Tag Archives: Harlem River

Alphabet

By Vladimir Brezina

We’re only up to “C”! A long way to go still on our circumnavigation of Manhattan…

AlphabetThe Columbia “C”

A contribution to this week’s Photo Challenge, Alphabet.

Ice on the River

By Johna Till Johnson

Ice on the river

Flow on, river! flow with the flood-tide, and ebb with the ebb-tide!
Frolic on, crested and scallop-edg’d waves!
Gorgeous clouds of the sun-set! drench with your splendor me, or the men and women generations after me!

Walt Whitman, Crossing Brooklyn Ferry

This is quite possibly my favorite poem ever. I once memorized part of it to recite for Vlad’s birthday. It always gives me shivers, in part because Whitman was, literally, talking directly to us, “men and women generations after me”.

But this past February, there weren’t many “crested and scallop-edg’d waves”—only acres of ice floes, bobbing sluggishly in the current. It’s hard to believe that lively, open water will return–but spring is less than a month away!

Ice floes have their own bleak beauty, though, especially during a snowstorm. I recently took a walk along the East River and up alongside the Harlem River. This is what I saw (click any photo to start slideshow):

Travel Theme: Rivers

By Vladimir Brezina

Ailsa’s travel-themed photo challenge this week is Rivers.

Kayaking around Manhattan revolves (so to speak) around three rivers: the Hudson River, the East River, and the Harlem River. (Two and a half of them are not really rivers, but we won’t let that distract us here.)

And so, when we fly back to NYC, we always try to sit by the window. It’s such a pleasure to see these rivers spread out below, and to recognize all the bridges and piers, the islands and bays that we’ve come to know so intimately from kayak level.

From the air (click on any image to expand)…

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… and from kayak level

Typical summertime conditions ;-)

1. East River: Brooklyn, Manhattan, and Williamsburg Bridges

Downtown vista

2. East River: Moody Downtown vista

From the air…

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… and from kayak level

... as we launch down the Hudson

3. Hudson River: The new World Trade Center ahead

From the air…

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… and from kayak level

We pass Chelsea Piers

4. Hudson River: Chelsea Piers and the Empire State Building

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5. Hudson River: Summertime evening on the river

One of the classic views

6: East River: Midtown Manhattan vista

From the air…

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… and from kayak level

White mulberries!

7: Harlem River: White mulberries!

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8. Harlem River: Under the RFK Bridge in falling snow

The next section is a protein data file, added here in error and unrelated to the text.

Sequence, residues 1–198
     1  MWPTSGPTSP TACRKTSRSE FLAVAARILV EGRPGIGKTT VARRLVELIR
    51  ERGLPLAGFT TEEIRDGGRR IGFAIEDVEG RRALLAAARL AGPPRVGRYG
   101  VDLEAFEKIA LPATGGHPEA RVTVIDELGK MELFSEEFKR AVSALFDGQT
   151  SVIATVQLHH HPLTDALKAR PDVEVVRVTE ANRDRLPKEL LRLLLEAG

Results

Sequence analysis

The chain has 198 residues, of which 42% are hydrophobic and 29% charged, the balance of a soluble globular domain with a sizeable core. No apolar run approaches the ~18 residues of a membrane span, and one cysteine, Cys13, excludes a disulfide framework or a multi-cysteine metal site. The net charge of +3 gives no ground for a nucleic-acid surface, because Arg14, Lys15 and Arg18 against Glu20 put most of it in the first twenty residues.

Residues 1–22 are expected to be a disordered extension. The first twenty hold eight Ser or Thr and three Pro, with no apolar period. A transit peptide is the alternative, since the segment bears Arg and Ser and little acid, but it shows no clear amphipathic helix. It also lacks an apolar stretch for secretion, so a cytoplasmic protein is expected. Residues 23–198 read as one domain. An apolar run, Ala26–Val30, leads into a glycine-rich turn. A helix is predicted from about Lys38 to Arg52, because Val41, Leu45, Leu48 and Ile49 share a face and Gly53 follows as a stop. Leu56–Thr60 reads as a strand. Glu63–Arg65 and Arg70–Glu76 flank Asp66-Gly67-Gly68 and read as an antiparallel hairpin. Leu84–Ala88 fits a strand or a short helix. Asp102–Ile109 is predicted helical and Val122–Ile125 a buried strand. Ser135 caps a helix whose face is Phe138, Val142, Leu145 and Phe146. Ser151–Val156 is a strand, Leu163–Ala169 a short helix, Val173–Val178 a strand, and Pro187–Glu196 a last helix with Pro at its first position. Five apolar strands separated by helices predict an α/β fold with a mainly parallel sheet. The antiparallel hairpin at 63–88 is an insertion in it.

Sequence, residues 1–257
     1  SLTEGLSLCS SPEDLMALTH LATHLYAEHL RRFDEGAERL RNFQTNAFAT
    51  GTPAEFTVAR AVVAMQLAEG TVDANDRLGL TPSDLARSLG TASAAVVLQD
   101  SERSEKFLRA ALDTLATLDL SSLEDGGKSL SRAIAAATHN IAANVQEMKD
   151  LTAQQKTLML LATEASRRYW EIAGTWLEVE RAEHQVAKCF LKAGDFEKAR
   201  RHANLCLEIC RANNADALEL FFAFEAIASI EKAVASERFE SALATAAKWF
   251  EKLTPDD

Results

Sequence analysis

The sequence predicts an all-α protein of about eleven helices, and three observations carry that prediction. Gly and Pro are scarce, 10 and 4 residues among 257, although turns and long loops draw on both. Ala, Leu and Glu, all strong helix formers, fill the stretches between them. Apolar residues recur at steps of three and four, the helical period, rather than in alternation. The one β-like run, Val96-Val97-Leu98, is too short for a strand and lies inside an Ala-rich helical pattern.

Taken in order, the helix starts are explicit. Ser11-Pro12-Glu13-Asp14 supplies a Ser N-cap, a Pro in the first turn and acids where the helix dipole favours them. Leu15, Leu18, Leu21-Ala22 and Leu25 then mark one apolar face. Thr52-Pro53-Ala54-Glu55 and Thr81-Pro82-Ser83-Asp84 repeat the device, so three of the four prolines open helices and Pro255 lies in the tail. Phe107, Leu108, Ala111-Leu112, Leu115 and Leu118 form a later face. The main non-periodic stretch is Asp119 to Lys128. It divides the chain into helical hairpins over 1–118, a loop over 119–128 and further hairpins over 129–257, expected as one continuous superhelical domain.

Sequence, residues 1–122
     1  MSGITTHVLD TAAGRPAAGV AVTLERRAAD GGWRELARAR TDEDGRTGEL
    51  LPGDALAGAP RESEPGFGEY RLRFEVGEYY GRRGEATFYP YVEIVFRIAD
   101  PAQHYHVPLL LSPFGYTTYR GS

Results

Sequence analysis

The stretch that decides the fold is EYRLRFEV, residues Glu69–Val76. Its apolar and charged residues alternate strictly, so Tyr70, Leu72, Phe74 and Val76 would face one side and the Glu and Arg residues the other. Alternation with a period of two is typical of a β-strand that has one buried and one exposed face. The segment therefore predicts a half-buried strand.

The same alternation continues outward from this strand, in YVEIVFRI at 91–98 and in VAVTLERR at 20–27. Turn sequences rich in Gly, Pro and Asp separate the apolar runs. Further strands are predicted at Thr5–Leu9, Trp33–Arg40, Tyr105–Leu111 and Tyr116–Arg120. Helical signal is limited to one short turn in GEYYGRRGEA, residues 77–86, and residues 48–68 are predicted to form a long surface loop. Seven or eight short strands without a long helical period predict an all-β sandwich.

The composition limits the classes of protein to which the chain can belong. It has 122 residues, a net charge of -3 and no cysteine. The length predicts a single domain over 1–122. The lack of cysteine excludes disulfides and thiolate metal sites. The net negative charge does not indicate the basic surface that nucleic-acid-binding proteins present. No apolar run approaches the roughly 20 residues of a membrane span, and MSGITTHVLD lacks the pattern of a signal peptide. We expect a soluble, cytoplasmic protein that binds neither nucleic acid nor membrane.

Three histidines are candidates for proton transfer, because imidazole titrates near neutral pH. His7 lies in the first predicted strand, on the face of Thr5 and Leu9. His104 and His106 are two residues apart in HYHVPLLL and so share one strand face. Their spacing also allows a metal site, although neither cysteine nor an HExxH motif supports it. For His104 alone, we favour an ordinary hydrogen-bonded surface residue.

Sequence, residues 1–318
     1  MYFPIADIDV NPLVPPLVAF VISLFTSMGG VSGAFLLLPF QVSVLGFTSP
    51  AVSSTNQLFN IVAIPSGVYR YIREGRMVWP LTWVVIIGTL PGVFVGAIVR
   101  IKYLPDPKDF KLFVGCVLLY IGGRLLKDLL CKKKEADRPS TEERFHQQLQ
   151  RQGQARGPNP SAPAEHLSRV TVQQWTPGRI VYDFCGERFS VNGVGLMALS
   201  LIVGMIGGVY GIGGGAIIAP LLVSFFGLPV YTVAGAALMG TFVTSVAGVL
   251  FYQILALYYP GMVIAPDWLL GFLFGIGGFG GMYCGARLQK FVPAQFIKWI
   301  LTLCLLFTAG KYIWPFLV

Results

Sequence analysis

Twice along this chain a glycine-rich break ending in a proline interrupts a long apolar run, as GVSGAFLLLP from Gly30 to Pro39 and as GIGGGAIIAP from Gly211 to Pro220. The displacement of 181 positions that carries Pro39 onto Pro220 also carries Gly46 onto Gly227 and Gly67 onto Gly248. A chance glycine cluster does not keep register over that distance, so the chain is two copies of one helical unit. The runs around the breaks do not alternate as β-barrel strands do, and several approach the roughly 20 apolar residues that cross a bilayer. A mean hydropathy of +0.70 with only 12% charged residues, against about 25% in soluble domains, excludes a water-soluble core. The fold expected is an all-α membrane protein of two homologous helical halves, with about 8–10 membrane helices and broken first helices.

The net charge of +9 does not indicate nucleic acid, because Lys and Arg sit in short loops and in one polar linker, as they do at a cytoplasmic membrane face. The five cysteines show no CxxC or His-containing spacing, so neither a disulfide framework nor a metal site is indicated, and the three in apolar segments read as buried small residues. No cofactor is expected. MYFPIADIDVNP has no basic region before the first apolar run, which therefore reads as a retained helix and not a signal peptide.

Nocturne: the George Washington Bridge

9. Hudson River: George Washington Bridge nocturne

Easter Sunday Paddle

By Vladimir Brezina

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The weather is finally getting warmer, and the days longer. Time for one of our favorite paddles!

In yesterday’s variant of the trip, we paddled up the East River, through Hell Gate, and past Throgs Neck out into Long Island Sound, just in time for lunch at Sugar and Spice on City Island. Then back down the East River to Hell Gate, up the Harlem River, and finally down the Hudson River home.

Here are a few photos…

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Exploring Long Island Sound with 2 Geeks @ 3 Knots

By Johna Till Johnson
Photos by Vladimir Brezina

IMGP6776 cropped smallA couple of weekends ago, we set out to visit our friends and fellow kayakers Alex and Jean, who are also fellow bloggers at 2 Geeks @ 3 Knots (check out their lovely blog!). They live in New Rochelle, just outside New York City, and just off Long Island Sound.

Heading out to the Sound on a summer weekend is pretty typical for New Yorkers.

IMGP6852 cropped smallWhat’s a little less typical is getting there by kayak.

But hey—we’d been there quite a few times before and knew the route pretty well. And this time we’d have the luxury of spending the night with our friends—so we’d have the chance to explore more than we usually can on an out-and-back trip. We’d been eagerly anticipating this trip for several weeks.

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Once More Round Manhattan

By Vladimir Brezina

When the tide or the weather doesn’t cooperate or we simply can’t think of any other trip we’d rather do, we default to paddling round Manhattan. It’s our version of the run round the park. Yet no matter how many times we repeat it, each time we see something new. Manhattan and its waterways look different on a cold, dark day in January and on a mild gray day in March. And they look different again on a beautiful, bright blue sunny day at the end of April: here is a slideshow from yesterday’s Manhattan circumnavigation.

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An Exciting Manhattan Circumnavigation

By Johna Till Johnson

Note: None of the four of us remembered to bring cameras, so you’ll have to do with a few similar photos from other trips—and your imagination!

This story begins like all good stories: “It was a dark and stormy night…”

Well, no. Actually, it was a dark and stormy morning. Except it didn’t start out that way, but we knew it was headed in that direction. And it got there with a vengeance.

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